I recently finished thebook, Spiritual Leadership, for work and have been thinking about what leadership is in context of ministry. I read it as part of a process of study/training for my work. Reading it brought up some interesting questions about what a true leader is. So what do you think? I’d love to hear from some people what leadership means to them.
Does Spiritual leadership differ from “non-spiritual”?
Have you experienced good/bad leaders – what makes the difference?
In your mind what makes a good leader?
Is leadership something to be esteemed, or a burden to carry?
Here’s my brief “book report”:
Henry and Richard Blackaby’s encouraging offering provides many and practical insights, Biblically backed guidelines, and numerous historical examples of true “Spiritual Leadership” for the current or future leader who is seeking the help of God to direct that which they have influence over. My time marinating in this text was overwhelmingly uplifting and challenging, and even led me to wrestle with the concept of leadership as a whole. As a Jr. High Director I was tremendously encouraged by the book’s broad application to all aspects of leadership. Through my reading I was able to glean many lessons and immediately call to mind genuine experiences of what the authors were writing about. As an excited learner of history, I loved the glimpses into the lives of political, corporate, and spiritual leaders that the authors used in order bring life to the principles being communicated. I also appreciated the Biblical basis for leadership guidelines and direction that were discussed as a foundation for Biblical leadership. What I struggled with, minimally as it may have been, was the very essence of a book a written on leadership and what the motives of those who read it (myself first and foremost) should be. I questioned whether leadership should be something to be esteemed, looked up to, used as status, or reasons for feeling superior. I wondered what my motives should be while reading a book on Leadership, to be a more respected or looked up to leader, to be a better servant, or to just help me direct the organizations I oversee. More than anything I found this book hugely beneficial and sincerely encouraging.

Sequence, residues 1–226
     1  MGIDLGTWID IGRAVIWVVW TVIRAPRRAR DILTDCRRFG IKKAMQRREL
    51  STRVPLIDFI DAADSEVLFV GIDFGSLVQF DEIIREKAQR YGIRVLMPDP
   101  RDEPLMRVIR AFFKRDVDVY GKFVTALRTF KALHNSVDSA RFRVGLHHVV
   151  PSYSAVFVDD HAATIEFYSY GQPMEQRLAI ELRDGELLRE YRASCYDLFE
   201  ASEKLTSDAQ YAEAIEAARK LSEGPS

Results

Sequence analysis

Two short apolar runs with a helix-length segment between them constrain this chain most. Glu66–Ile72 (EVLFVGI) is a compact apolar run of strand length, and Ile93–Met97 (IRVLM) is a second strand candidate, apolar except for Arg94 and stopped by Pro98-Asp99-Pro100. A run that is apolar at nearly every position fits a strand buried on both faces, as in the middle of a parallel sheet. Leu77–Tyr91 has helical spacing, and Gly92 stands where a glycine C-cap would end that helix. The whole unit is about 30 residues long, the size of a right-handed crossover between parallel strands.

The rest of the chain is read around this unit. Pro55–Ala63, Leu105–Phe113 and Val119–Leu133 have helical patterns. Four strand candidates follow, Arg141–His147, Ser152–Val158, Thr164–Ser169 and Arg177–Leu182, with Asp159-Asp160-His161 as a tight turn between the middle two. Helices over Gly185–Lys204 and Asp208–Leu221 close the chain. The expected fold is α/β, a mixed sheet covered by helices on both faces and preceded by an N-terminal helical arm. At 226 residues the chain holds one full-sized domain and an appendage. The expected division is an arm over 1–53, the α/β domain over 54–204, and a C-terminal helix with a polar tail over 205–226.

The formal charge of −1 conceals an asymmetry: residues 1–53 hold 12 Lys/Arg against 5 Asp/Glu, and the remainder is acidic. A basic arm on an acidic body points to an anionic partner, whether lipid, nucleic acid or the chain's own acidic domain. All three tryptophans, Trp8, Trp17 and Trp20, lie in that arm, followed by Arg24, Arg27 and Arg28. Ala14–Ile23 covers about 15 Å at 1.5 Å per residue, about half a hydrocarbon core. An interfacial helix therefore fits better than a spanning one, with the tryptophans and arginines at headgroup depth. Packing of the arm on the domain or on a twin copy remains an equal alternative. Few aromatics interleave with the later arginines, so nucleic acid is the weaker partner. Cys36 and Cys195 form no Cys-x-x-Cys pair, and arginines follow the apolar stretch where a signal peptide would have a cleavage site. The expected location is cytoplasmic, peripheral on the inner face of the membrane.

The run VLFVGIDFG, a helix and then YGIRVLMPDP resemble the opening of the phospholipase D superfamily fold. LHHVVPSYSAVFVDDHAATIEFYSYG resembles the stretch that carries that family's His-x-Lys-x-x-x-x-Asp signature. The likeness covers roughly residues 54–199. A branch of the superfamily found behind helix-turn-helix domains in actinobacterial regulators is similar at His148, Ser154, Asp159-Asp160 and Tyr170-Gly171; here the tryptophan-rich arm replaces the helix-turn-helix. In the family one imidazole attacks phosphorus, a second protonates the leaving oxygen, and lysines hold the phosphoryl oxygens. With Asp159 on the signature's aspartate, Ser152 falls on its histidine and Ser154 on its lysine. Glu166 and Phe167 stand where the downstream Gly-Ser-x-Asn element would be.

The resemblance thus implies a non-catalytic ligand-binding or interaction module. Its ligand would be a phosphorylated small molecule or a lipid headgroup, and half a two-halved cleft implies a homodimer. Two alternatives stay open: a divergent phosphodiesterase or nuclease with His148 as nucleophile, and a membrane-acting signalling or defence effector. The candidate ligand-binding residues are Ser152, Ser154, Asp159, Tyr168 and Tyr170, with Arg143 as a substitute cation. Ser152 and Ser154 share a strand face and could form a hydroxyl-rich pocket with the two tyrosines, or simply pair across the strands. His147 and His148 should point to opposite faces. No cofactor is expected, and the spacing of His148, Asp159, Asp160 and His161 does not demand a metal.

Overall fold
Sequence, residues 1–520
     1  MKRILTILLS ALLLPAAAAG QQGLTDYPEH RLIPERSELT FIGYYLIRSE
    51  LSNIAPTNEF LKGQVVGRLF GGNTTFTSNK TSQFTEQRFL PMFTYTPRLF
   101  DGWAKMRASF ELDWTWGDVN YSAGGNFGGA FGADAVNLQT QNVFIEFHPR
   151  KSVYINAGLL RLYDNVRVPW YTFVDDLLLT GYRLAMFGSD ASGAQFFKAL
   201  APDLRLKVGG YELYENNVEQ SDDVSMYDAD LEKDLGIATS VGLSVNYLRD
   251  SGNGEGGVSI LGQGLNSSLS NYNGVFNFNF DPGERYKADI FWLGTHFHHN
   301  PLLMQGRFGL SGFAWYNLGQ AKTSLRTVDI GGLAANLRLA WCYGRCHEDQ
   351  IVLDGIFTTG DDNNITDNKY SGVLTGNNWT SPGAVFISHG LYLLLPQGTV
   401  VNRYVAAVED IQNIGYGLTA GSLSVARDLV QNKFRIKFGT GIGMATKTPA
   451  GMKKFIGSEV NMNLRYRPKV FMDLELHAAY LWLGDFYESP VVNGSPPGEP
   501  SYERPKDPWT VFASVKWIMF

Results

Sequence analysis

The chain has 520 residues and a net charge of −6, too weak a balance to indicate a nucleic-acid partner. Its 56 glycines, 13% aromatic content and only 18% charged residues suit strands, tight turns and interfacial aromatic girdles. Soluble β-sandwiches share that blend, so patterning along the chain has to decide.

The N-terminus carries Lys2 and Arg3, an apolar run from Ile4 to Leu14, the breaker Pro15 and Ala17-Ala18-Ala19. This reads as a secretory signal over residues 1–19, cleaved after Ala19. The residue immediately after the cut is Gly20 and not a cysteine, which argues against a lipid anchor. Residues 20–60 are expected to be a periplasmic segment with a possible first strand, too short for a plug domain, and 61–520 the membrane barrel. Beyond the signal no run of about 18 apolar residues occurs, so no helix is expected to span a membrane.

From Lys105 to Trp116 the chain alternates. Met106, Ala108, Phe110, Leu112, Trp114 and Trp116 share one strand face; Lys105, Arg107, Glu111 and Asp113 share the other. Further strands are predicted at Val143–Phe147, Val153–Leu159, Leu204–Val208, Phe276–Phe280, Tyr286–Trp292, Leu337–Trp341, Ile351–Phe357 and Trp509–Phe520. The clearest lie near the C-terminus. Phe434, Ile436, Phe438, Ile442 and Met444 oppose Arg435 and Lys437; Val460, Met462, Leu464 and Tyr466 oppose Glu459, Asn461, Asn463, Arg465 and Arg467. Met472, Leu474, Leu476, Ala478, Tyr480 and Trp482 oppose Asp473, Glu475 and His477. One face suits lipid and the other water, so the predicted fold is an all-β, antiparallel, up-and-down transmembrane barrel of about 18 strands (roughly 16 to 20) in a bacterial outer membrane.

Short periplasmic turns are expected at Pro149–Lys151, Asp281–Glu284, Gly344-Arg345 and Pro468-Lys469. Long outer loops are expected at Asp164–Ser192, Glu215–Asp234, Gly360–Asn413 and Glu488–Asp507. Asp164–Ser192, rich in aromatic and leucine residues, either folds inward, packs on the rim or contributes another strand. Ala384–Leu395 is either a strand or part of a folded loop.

I began leading Jr. High STUFF at the age of 20. This meant directing a volunteer team of 10-20 adults, speaking to 40-100 students twice a week, conducting discipleship programs, balancing a budget, corresponding with parents, planning and developing trips, camps, and events, strengthening the Middle School ministry’s connection to the larger church, and a plethora of other often overlooked responsibilities all while balancing a full load at college and a passion for Myanmar. Needless to say I was privileged to have a crash-course in leadership that proved to offer both crashes and success. This experience provided me the depth to relate to the authors of this book on many levels. Specifically, the chapters on Vision and Communication encouraged me to be clearer in my communication of the “big picture” to our volunteers. I was also challenged to “Lead people on God’s agenda” even if it may not match up to my, or the church’s’ vision statement. My ultimate allegiance lay with Jesus, not just with STUFF. This reminder was both frightening and freeing.